If your career plans call for grad school, we'll do everything we can to help you get into a well-respected program. While at Roanoke, professors will encourage you to participate in internships in your chosen field, join them in research projects (or conduct your own independent study), and present and publish findings-all actions that will greatly increase your chances of getting into a good school.
We have extensive online resources to help you explore your options and find the best programs for your needs. Our career services team will help you to prepare the documents you'll need for the application process, and professors who are impressed with your work will recommend you to graduate programs.
Students considering graduate school are strongly encouraged to talk with a faculty mentor who has studied in a similar field or one of the pre-professional advising groups available on campus.
Nearly one in four Roanoke students go to graduate school immediately after graduation. Over their lifetimes, more than 40% will attain an advanced degree.
Roanoke grads go on to top-notch grad schools.
Aaron Cook '07/Washington and Lee Law School
While at Roanoke, Cook completed two internships—one with a Virginia state prosecutor and another with a federal judge. These internships helped him get into Washington and Lee Law School. Cook believes this firsthand experience gave him a significant advantage in law school. "Many of my colleagues had never been in a courtroom before," he said.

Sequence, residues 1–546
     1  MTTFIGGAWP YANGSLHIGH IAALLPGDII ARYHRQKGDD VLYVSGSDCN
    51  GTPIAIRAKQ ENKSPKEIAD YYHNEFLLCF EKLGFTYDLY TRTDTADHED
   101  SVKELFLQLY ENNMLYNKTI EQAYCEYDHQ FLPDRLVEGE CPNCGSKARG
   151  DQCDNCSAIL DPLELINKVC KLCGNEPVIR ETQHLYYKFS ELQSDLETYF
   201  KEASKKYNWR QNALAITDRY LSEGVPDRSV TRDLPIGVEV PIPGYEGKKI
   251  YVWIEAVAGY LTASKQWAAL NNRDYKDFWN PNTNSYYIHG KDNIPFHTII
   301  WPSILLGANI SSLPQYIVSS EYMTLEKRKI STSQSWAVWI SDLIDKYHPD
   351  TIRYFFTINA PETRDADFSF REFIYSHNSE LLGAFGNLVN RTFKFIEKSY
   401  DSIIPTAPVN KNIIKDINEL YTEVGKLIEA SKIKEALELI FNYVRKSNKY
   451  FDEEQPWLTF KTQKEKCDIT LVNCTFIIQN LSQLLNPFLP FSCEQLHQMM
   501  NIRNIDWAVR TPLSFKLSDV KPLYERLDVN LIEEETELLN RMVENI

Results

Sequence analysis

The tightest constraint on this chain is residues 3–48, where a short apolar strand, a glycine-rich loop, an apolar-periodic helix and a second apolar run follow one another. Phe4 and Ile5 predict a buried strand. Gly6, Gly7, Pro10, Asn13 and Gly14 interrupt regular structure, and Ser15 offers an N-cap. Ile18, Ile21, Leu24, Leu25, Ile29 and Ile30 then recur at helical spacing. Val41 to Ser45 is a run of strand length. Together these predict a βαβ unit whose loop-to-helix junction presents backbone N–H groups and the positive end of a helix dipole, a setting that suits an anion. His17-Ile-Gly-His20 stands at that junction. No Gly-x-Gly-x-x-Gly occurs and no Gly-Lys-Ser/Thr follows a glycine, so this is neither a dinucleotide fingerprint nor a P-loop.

Julie Bass Dubee '09/University of South Carolina MSW
Dubee, a gender and women's studies concentrator, found her extensive research on the impact of stay-at-home fathers on childhood development prepared her for grad school and a career in social services. She received an MSW from the University of South Carolina and is currently working as a Family Services Specialist in Hanover County, Va.
Nikki Hurless '14/St. Louis University
Hurless, a psychology major who concentrated on neuroscience, was accepted directly into a Ph.D. program at St. Louis University. As a sophomore at Roanoke, Hurless worked with professors Edward Whitson and David Nichols on an honors project. Hurless published an article on her research in a noted neuroscience professional journal.
Alex Berryman '15/Virginia Tech
Berryman majored in sociology at Roanoke, where his Summer Scholar research explored transportation and economic volatility among rural, low-income families. He then went to Virginia Tech, where he received a master's in urban and regional planning. Berry is now planner and zoning administrator for the town of New Market, Virginia, where he plans to make an impact as a member of local government. "I worked, while in college at Roanoke, at North Carolina Senator Kay Hagan's Washington, D.C. office, so I was exposed to the federal level of government," he says. "I always wanted to be a public servant, and I just found that my place is at the local level."
Bethany Gilliam '06/Ohio State University
When Gilliam taught her first Spanish class as a graduate student, she found her career love—teaching. In 2011, she landed her dream goal—a Fulbright Scholar award to study 17th-century history and literature in Madrid. She spent a year in Madrid, and now she's back at Ohio State University, earning her Ph.D.